Christmas Taste Tests: On the Spice Trail

Written by on 19 December 2012 in Seasonal - No comments
non-alcoholic christmas food and drink

Cloves (photo: {a href=””}mer de glace{/a})

Forget family, presents and goodwill: Christmas is actually a time for Christmas puddings, mulled wine and other such self-indulgent treats. And if you don’t drink alcohol, then it’s also a time to either turn detective or get creative.

In the next couple of posts, I shall be putting a variety of alcohol-free Christmas puddings and festive drinks to the taste-test.

So last weekend, while others were basking in the smugness of their own home-made Christmas puddings from ‘Stir up Sunday‘, I went on the search for some ready-made ones.

I’ll be sharing the results with you in the next few days, so keep your eyes peeled for some (UK-centric) festive buying advice!


For the Christmas puddings, I went for the traditional style; that is, the dark, fruit-filled, stodgy beast you are supposed to wolf down after the largest meal of the year, having already spend much of the day eating chocolate coins and selection boxes (come on – I’m not the only big kid in town, am I?). For the drinks, meanwhile, I went for hot, mulled beverages.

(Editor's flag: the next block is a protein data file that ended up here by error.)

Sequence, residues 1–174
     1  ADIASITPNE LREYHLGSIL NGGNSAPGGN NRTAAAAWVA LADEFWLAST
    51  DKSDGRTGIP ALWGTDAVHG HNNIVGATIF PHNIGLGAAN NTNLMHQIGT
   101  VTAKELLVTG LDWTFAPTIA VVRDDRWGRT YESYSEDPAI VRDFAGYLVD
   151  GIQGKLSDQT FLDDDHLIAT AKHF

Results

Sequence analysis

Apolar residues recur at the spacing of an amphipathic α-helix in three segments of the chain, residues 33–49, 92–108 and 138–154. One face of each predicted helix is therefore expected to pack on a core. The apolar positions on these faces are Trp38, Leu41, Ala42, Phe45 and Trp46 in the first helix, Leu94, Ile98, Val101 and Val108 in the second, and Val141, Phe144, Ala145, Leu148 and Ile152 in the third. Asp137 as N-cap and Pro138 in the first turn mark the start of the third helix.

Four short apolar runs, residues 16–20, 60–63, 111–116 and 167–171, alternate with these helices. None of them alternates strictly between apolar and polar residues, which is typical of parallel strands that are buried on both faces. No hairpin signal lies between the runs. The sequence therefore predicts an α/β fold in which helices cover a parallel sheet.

Online, I found lists of alcohol-free Christmas products, but when I went to the supplier’s websites many of the items had been re-branded or appeared as ‘out of stock’. So I ventured out into the supermarkets in person, returning with a giant stocking’s-worth of festively-spiced goodies.

‘Tis the season to be spicy

The festive spice aspect is significant as they are also a non-drinkers dream come true: fragrant, rich and enticing, with complex flavours and a nice kick. I’m actually an all-year-round kind of gal when it comes to spices, but particularly enjoy wallowing in the heady aroma of the Christmas kitchen scent.

Winter here is generally cold and wet, so you can easily see why we Brits seek out warmth and comfort, and how spices such as nutmeg, cinnamon and cloves became associated with the festive season. Though these spices originate from Asia, they found their way into the food of the Sultans in the Middle East and it is thought they were brought to Europe by the Crusaders.

The beauty of these exotic spices is that they have oodles of flavour and fragrance, and so you likely won’t miss the alcohol at all – and neither will your family and friends. After all, these spices are hugely popular in countries with large non-drinking populations and some of the most sumptuous food and drinks known to man.

Of course, that doesn’t mean all alcohol-free festive food and drink is the same, hence our forthcoming taste tests.

Check back in the next few days to find out which Christmas puddings and hot mulled drinks we recommend!

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